Tenant says landlord is evicting his dog even though it’s never been violent


‘If he’s not gone…then we’re evicted’: Tenant says landlord is evicting his dog even though it’s never been violent. Is that allowed?

‘Make him an emotional support animal.’


Jack Alban


D.C.-based TikToker Diego (@traveling.gay) has a pet conundrum—his building wants to evict his dog, despite the fact that his Rottweiler has never been physically aggressive to anyone.

Diego says that the worst thing his dog, Moose, has done was what one user who replied to his video called a “rottie rumble”: A little growl that was never accompanied by any other type of aggressive behavior.

He posted about his conundrum in a viral video that’s accrued over 377,000 views as of Friday.

A landlord’s request

“I’m in actual disbelief,” he begins in his clip. “We just got a letter from leasing that our dog is being evicted. Our dog is being evicted. It has been a problem for like two months because the dog is a rottweiler and sometimes he growls at people but he is, he doesn’t mean harm.”

Diego goes on to say his dog is the “sweetest,” showing several pictures of his rottweiler—the first is of him outdoors looking towards the camera. The second is him eyeing a cup of what appears to be whipped cream topped with a bone-shaped dog treat.

“He’s so cute. He’s so nice. They told us we have to be gone by July 17th,” the TikToker says, stopping mid-sentence to clarify that no humans are being evicted from the apartment building—only a canine.

“If he’s not gone by July 17th then we’re evicted by July 17th,” he says.

Toward the end of his video, Diego asks for help from other users: “Has anyone else experienced this, what did you do? Because he’s like the nicest dog ever I’m gonna show you,” he says before the clip transitions to him walking over to his bed, where his pup is currently hiding under.

@traveling.gay TIKTOK HELP ME AND MOOSE PLEASE #eviction #apartment #rottweiler ♬ original sound – traveling.gay

The creator emphasizes his pet has “never physically assaulted anyone,” so he doesn’t understand why he’s got to go.

Is it allowed?

The first obvious issue is whether the building in question has a “no pets” policy listed in the lease or any weight limits therein. According to this NJ.gov housing information packet, if a “no pets” clause isn’t listed in the tenant’s signed agreement, then requiring a resident’s pet to be removed from the premises can be contested. The same packet also states that the only instances property management can request a pet be removed from the premises is if the animal is posing a risk to other residents, if tenants aren’t properly caring for the animal, including adequate waste removal and other similar factors.

Although the document pertains to a particular set of living quarters in the state of New Jersey, it appears that other states, such as New York, abide by similar rules. The law offices of Zingman & Associates PLLC write that there are even instances where buildings that don’t have pet policies still can’t deny a resident access to a building if they have a service animal.

Rentec Direct also addressed “unauthorized pets” inside of a unit, which states that if the tenant in question is in violation of a “no pets” policy, or isn’t paying additional rental fees for said pets that were listed inside of their rental agreement, then the leasing company can legally evict a pet.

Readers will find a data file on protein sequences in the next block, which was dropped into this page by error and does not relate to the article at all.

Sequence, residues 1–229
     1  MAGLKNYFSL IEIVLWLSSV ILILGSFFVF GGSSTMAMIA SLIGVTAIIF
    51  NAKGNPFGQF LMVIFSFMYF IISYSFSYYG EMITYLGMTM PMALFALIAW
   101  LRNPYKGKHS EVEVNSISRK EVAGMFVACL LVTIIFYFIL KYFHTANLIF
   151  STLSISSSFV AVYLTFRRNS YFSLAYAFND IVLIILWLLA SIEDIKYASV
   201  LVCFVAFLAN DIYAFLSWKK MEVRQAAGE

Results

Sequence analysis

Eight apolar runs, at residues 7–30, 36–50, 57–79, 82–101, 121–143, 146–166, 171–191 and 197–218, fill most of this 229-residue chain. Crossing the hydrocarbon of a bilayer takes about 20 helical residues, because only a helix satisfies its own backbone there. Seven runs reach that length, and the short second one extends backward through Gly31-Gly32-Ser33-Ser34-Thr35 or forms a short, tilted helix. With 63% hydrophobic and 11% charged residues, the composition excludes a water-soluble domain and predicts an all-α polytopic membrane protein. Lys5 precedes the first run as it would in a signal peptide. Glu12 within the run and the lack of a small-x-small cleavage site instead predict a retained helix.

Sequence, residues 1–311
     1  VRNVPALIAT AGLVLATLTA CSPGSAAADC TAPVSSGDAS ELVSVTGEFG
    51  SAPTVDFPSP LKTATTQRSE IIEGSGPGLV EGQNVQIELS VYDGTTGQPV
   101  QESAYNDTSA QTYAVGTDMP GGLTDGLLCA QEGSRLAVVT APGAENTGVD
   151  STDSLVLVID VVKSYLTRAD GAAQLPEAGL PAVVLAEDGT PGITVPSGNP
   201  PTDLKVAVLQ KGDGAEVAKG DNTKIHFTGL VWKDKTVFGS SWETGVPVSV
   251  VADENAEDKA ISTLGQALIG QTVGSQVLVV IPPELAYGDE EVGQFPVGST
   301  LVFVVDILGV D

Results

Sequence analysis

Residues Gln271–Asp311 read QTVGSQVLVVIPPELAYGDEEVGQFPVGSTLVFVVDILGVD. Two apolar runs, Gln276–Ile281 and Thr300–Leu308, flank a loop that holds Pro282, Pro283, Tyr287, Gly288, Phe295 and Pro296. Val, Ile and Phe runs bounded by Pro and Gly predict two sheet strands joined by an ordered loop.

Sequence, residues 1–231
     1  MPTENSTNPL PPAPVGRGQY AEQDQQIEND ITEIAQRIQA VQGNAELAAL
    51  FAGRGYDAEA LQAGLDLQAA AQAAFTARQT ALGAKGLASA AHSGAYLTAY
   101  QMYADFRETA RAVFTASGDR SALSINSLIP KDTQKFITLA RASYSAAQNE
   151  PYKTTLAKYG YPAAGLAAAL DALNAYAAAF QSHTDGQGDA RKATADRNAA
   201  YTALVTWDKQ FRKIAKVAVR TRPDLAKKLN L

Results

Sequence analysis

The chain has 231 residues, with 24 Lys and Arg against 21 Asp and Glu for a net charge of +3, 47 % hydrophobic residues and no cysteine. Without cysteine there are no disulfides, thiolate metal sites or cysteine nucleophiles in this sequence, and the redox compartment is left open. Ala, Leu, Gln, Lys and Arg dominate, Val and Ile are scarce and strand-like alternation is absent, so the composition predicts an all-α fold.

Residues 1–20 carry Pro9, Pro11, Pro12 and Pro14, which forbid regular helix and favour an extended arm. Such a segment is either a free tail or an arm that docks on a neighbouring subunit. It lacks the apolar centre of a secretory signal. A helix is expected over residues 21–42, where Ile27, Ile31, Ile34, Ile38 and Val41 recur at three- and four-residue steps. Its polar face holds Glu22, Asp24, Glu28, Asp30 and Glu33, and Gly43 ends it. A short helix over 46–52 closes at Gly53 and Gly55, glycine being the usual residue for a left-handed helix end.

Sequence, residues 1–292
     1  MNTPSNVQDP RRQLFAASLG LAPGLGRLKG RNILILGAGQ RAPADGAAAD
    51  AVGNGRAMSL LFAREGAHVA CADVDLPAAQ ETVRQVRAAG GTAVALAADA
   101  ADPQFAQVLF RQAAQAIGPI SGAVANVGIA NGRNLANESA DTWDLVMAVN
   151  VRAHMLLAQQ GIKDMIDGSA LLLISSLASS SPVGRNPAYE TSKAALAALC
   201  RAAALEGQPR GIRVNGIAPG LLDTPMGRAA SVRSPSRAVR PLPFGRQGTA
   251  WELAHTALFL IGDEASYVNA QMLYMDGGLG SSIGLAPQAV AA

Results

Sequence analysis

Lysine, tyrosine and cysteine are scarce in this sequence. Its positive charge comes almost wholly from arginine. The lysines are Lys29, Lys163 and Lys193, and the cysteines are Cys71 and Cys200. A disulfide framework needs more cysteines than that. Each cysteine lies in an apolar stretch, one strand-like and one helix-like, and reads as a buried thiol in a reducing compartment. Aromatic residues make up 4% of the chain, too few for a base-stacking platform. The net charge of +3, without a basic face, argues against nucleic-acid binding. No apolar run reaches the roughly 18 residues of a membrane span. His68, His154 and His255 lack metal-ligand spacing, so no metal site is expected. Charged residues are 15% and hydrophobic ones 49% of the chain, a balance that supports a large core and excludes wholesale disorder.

In an Avvo.com forum post, one person shared their own pet/rental situation anecdote, stating that their landlord wanted them to get rid of a 25lb dog because they didn’t want other tenants in the facility to see the pet and get one of their own. However, there isn’t any signage in the building that indicates pets aren’t allowed, nor is there a “no pets” policy in their complex.

One attorney responded to their query stating that while they should be in the clear to legally have their pup, if they want to continue living inside of the building it’s probably best that they reach some kind of agreement with their landlord in order to keep living in the building without worry or potential headaches: “Your lease controls this issue. If there is no mention of pets, then you can have the dog. However, if you want to continue leasing there, I would try to work something out with your landlord.”

In his most recent video (as of this writing) posted about the subject, Diego stated that he will continue to fight leasing on the issue.

@traveling.gay thank you for all the love, we are going to fight this! theres no way we are giving up the sweetest boy ever #rottweiler ♬ Rally House – prod. DTM

The Daily Dot has reached out to TG via TikTok comment for further information.

Update June 29, 2024:

In an email to the Daily Dot, Diego clarified that there were no policies against specific types of dog breeds, only a limit on the number of pets per unit, and that all of his pets are registered as Emotional Support Animals.

“They did not really provide any further context, or incident reports/ happenings,” he shared. “They are being vague and we are waiting for a response on them to show actual proof of aggression… as there is none.”

He cited an incident where a resident heard the Rottweiler’s rumble and screamed at Diego to get rid of the dog, which led to Diego having to use a muzzle on his pet as per the building’s request.

“We have complied with the muzzle notice, but leasing said they have seen him without a muzzle… which is also not true,” Diego said. “This is the dog’s 5th apartment complex that he has lived in. He has never attacked anyone, and is very often in public spaces, as we live in the city.”

The internet is chaotic—but we’ll break it down for you in one daily email. Sign up for the Daily Dot’s web_crawlr newsletter here to get the best (and worst) of the internet straight into your inbox.

Share this article

*First Published:

The Daily Dot